Korean won is the national currency of South Korea. Currency conversions fluctuate, however, ₩1000 is roughly equal to $0.85USD
Do not exchange money upon arrival at Seoul Incheon airport; the rates will not be competitive. For Koreans, South Korea is a cashless society.
However foreign travellers will often find that their international debit and credit cards are not accepted. It is prudent to ensure that you always carry sufficient cash with you during your Korea itinerary. Keep in mind that your international card issuer may also charge you foreign transaction fees.
Korea trip budget
It is very possible to explore South Korea on a budget. Korea is more expensive than Southeast Asia. However, it is notably cheaper than nearby Japan and its other East Asian neighbours.
A mid range guesthouse, hanok stay or hotel room here costs between $40-60 per night. More budget options are available if you are happy to stay in capsule hotels or dormitory-style accommodation.
Dining out in Korea is relatively inexpensive. You can purchase filling, homely meals like bibimbap, ttukbaegi bulgogi (Korean beef soup) and other favourites for around ₩6000 – ₩8,000 per person.
Do I need travel insurance?
It is prudent to purchase comprehensive travel insurance before your trip to Korea, just like with travelling anywhere. South Korea is a very safe country but of course, you never know what might happen.
Medical care in South Korea is expensive. At minimum, you should ensure that you opt for a travel insurance plan that offers medical coverage up to $1 million.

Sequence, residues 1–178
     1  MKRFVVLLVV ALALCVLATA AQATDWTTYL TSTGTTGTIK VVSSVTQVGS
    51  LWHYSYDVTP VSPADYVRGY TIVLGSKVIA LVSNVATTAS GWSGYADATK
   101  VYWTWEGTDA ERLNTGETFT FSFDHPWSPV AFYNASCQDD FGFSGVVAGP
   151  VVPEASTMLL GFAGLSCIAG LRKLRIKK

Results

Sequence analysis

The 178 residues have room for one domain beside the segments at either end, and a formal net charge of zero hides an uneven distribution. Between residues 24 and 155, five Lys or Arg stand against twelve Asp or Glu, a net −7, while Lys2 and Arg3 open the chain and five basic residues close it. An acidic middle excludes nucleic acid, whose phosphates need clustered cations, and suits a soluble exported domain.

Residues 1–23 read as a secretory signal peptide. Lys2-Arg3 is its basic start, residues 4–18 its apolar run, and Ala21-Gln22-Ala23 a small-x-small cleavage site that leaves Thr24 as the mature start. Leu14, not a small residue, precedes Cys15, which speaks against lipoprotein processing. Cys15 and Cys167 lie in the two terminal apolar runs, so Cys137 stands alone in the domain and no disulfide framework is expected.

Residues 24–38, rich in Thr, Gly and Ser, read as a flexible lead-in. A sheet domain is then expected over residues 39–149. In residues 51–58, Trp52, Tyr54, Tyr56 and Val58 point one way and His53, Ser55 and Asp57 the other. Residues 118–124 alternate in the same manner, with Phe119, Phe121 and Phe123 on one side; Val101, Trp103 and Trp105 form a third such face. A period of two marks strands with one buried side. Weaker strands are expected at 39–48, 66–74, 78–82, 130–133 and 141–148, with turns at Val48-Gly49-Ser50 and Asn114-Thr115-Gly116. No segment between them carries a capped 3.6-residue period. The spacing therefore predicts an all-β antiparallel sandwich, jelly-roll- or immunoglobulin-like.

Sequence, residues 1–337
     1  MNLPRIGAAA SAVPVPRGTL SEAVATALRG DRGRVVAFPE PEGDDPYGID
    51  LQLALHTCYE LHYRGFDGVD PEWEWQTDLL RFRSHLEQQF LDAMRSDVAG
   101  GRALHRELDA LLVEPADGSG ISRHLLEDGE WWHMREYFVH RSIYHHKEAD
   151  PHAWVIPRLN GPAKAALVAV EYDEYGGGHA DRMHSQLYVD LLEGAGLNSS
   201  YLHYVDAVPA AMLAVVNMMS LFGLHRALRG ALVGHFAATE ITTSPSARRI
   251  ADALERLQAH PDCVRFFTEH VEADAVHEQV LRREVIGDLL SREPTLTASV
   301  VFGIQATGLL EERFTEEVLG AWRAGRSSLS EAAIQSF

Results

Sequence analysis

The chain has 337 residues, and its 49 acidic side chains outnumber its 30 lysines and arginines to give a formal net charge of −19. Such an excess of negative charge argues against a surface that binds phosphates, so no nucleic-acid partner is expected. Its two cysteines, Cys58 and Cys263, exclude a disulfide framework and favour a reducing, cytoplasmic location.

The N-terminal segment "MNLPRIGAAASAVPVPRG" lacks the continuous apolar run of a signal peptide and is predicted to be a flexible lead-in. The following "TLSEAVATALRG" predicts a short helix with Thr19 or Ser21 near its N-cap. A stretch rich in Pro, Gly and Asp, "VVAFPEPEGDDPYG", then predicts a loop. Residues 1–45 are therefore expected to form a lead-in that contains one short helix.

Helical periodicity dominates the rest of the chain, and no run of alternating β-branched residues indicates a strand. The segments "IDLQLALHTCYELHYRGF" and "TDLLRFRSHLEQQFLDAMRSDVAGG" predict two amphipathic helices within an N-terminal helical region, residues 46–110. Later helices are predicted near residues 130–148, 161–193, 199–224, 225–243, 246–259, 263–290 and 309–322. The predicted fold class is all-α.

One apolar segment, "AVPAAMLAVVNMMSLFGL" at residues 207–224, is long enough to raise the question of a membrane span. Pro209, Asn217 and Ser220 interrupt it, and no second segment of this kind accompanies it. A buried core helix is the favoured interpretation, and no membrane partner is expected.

Note that some sporting activities like hiking and skiing are sometimes not covered under a standard insurance plan. If you plan on incorporating these activities into your Korea itinerary then you should purchase coverage accordingly.
This South Korea itinerary can be done by public transport. Buses, trains and metros in South Korea are excellent, and run frequently, and on time.
Renting a car
Renting a car in South Korea is another option, and it certainly provides you with more flexibility in your schedule. Roads in Korea are safe, modern and well-maintained.
You need to have an IDP (International Driver’s Permit) to rent a car in Korea. This will be checked along with your ID when you pick up your vehicle.
Seoul and Busan both have comprehensive metro networks. Download the Subway Korea app so that you can check train schedules and fares.